Races

½ leader

%

Polytrack

-2.34

524

96

18.32%

Route

-3.45

185

21

11.35%

Sprint

-1.74

339

75

22.12%

Turf

Races

½ leader

%

Route

-4.06

116

14

12.07%

Sprint

-4.27

105

11

10.48%

-2.06

11

3

27.27%

 

 

 

 

 

 

 

 

 

 

 

 

Note: The numbers in this chart include first time starters.

One definite change in the way races are run at Keeneland after the switch from dirt to Polytrack is the reduction in the effectiveness of frontend speed.  Only a little over 18% of all Polytrack races in the fall are won by horses on the lead after a ½ mile and twice as many of those winners comes in sprint races, as opposed to dirt race.  That makes complete sense as we would generally expect horses with early speed to fare better in sprint races than going two turns,  but at the same time,

The average winner in Polytrack route races at Keeneland during the fall is almost 3 ½ lengths behind the leader after a ½ mile.  In sprints, the average winner is approximately 1 ¾ lengths behind the ½ mile leader.  The contrast in position makes complete sense when you consider that most sprints are run at distances of 6 to 7 furlongs; those numbers effectively illustrate the difficulties in winning from the front.

When I was originally outlining this post I was going to insert a paragraph here talking about sprints 2010 meet and how speed had started to fare much better on the main track than it had in that past.  At least, that was what my mind recalled from last April.  It turns out, however, that if you look at the data from the main track during the 2010 spring meet the Polytrack played almost identical to the other spring meets, especially in sprint races.  In fact, if you summarize and sort the data by meet and by winners that led after a ½ mile in routes and sprints, this is what you'd find:

Average for winner at 1/2 mile - by meet

Polytrack-Route

Races

½ leader

%

Fall 06

3.93

53

3

5.66%

Fall 07

3.44

43

6

13.95%

Fall 08

3.12

39

7

17.95%

Fall 09

3.21

50

5

10.00%

Polytrack-Sprint

Fall 06

2.39

83

14

16.87%

Fall 07

1.40

85

19

22.35%

Fall 08

1.62

88

23

26.14%

Fall 09

1.56

83

19

22.89%

Polytrack-Route

Races

½ leader

%

Spring 07

3.51

44

4

9.09%

Spring 08

3.08

38

8

21.05%

Spring 09

2.72

45

13

28.89%

Spring 10

1.76

39

15

38.46%

Polytrack-Sprint

Spring 07

1.78

73

17

29.63%

Spring 08

1.14

81

24

43.06%

Spring 09

0.73

72

31

43.66%

Spring 10

1.11

71

31

43.66%

 

 

 

 

 

 

 

 

 

 

 

 

 

 

 

 

 

 

 

 

 

 

 

 

 

 

 

I really like this chart for a couple different reasons.  First, you can plainly see a difference in the way the main track plays in the fall and spring.  Speed holds much better in the spring, especially in sprint races.  Second, we can see an uptick in the number of horses that are winning routes after leading after a half mile (again, more so in the spring than in the fall).  That uptick in route winners on the main track, however, could be attributable to factors other than a fundamental change in the track; it could be a change in the way the jockeys run the race or a change in the types of horses trainers are entering the race.  After a couple of meets, it's a good bet that  trainers became better at identifying which horses had a better chance of success on the main track.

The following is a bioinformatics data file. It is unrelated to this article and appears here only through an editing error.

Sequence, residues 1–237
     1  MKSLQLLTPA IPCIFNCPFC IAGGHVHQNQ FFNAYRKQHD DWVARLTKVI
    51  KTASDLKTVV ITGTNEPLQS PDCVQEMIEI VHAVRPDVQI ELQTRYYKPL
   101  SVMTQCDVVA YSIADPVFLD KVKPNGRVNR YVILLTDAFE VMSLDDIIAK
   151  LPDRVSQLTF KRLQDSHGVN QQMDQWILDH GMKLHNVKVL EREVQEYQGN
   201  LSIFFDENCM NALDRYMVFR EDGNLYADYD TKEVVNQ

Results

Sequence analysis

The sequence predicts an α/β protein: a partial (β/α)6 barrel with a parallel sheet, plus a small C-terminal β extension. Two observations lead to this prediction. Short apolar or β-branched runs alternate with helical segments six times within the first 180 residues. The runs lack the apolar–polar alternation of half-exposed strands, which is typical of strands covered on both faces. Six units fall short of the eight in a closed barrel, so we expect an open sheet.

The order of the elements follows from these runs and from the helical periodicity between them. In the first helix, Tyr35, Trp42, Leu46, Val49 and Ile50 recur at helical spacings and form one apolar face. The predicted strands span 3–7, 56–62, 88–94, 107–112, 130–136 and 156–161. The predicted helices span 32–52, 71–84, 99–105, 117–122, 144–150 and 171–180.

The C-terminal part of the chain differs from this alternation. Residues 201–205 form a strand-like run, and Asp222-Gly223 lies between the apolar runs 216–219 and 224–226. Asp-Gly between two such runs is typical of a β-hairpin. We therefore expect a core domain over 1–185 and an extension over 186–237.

Perhaps the biggest take way from the above data is that while speed is starting to perform a bit better in the fall in route races, it's still a difficult proposition in terms of winning.  And sprint races, in both the spring and fall, have remained extremely stable in terms of the numbers of winners that have led after a ½ mile.  The average beaten lengths, however, have jostled around a bit in recent years.

One other final tidbit of information, and it's something I am including because it pretty much eliminates on of my favorite angles to play from time to time, and that's horse debuting on grass.  Since the start of the 2006 fall meet, Keeneland has run 231 races on their turf course, and of those 231 races, not one horse has won without a previous start on either turf or synthetic.  Not one. 

Playing the dirt-to-turf firster angle is one of my favorites, mainly because it's a pure pedigree play, but it's almost a certain loser at Keeneland.  Of the 231 turf races in all meets since 2006, 194 were won by horses with a previous win on turf (84%).  Of the 37 that hadn't won on turf?  27 had won on synthetic.  The other ten?  9 had a previous race over turf and one had a previous race over synthetic.  Seventeen horses have won using the last-out-dirt-to-turf move, but all seventeen of those has at least on start on turf or synthetic.  "Dirt only" horses haven't won on the Keeneland turf course in over four years.